Private View held by Richard Andrews
The Charles Dickens Museum, located in Dickens's only surviving London home, has re-opened following £3.1m restoration and refurbishment project. As part of this programme, the offices were transferred to the neighbouring building, where a visitor centre, learning centre and cafe were created, and the original Georgian house restored to the condition and decorative scheme when Dickens lived there, from 1837 to 1839. During this time, two of his daughters were born, his wife's sister Mary Hogarth (with whom he was alleged to have had an affair) died in his arms, and he finished The Pickwick Papers and wrote Oliver Twist and Nicholas Nickleby. For the first time the entire four storey house is open to the public, including the kitchen and the attic. The museum holds over 100,000 items, including manuscripts, rare editions, furniture, jewellery, personal items, letters, paintings and other visual sources, including the National Dickens Library, the most comprehensive of its kind in the world. Among the highlights are Dickens's original writing desk and chair; his reading desk, which he designed himself; the grille from Marshalsea Prison, where his father was held over a debt, which features in Little Dorrit; his four poster bed; and photographs of the 1865 railway accident at Staplehurst in which he helped rescue the injured. In addition, costumes from the recent film of Great Expectations are on display. The Charles Dickens Museum, 48 Doughty Street, London, WC1, continuing.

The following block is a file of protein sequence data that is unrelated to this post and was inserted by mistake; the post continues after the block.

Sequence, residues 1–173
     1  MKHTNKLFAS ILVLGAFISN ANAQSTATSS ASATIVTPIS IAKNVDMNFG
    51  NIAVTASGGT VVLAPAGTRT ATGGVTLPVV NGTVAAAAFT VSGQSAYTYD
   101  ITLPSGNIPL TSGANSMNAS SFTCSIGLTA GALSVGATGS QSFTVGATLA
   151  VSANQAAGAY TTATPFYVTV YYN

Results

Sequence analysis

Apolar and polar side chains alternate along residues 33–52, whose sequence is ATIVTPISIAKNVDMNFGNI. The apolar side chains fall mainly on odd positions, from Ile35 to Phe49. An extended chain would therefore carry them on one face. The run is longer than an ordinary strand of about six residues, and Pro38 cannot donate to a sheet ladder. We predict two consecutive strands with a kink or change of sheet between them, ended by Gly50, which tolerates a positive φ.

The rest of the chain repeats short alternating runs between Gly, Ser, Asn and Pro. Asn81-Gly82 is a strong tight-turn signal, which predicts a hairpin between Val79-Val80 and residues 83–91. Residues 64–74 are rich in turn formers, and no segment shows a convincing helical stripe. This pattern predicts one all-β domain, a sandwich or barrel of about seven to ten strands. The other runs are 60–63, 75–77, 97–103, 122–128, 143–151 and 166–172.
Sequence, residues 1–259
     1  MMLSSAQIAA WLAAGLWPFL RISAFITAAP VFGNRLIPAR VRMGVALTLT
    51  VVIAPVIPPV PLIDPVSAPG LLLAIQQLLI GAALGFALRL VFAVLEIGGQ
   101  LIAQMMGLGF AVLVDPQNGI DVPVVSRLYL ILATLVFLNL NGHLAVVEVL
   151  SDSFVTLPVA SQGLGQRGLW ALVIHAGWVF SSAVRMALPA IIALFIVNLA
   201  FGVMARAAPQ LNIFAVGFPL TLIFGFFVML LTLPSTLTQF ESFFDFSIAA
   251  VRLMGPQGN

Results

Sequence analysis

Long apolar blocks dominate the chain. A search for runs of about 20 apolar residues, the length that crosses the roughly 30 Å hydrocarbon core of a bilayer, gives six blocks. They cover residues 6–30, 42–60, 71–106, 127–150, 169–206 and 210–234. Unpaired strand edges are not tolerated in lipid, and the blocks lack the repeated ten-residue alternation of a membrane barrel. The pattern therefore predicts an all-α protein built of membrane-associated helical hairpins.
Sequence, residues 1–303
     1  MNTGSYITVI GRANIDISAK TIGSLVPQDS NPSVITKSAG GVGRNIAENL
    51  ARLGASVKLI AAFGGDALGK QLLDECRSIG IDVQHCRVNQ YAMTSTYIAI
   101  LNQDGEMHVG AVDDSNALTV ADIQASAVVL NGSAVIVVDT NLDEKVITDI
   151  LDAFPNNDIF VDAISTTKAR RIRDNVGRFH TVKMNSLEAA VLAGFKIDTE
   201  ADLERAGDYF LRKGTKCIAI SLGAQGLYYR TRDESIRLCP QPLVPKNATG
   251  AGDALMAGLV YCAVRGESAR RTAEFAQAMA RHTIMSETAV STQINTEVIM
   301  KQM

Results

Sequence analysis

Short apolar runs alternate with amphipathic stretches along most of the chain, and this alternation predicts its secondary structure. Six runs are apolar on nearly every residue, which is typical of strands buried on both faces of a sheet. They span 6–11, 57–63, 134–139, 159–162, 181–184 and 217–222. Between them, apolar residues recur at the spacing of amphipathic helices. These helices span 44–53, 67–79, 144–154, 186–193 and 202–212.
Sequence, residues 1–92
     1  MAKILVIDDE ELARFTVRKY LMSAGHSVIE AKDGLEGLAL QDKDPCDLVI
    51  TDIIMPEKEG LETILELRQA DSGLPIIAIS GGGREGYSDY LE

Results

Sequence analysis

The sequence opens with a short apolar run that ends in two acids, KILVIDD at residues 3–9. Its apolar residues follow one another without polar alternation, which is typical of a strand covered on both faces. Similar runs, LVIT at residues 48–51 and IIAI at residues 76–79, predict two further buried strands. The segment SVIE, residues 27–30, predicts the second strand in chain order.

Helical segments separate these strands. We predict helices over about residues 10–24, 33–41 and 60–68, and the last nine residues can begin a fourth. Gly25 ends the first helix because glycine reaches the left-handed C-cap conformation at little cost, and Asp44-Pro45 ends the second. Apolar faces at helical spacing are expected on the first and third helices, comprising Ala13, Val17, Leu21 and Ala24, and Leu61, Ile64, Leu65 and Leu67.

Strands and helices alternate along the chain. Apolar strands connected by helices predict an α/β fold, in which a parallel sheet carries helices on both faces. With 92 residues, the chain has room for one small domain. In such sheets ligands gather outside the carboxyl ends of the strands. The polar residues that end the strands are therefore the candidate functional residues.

In Front Of Nature: The European Landscapes Of Thomas Fearnley is the first British exhibition of the work of one of Scandinavia's most important painters. The fjords, forests, mountains, torrents and glaciers of Scandinavia and Switzerland, the lakes and picturesque country buildings of Cumbria, and the sun-drenched plains, hillsides, rocks and sea-shores of Southern Europe and the Mediterranean are brought vividly to life in the work of the Victorian artist Thomas Fearnley. Of British ancestry, but born and brought up in Norway, Fearnley was thought by some critics during his lifetime to possess a talent for landscape that rivaled Turner's. Although Fearnley toured Britain several times, painting views of the Lake District, and is today revered as one of the fathers of Norwegian paintings, in this country he is now virtually unknown. This exhibition, which aims to restore the reputation of this supremely talented artist of the Romantic era, comprises iconic large landscape paintings, including 'The Grindelwald Glacier', oil sketches and drawings, some of which have never before been seen in public. Barber Institute of Fine Arts, Birmingham, until 27th January.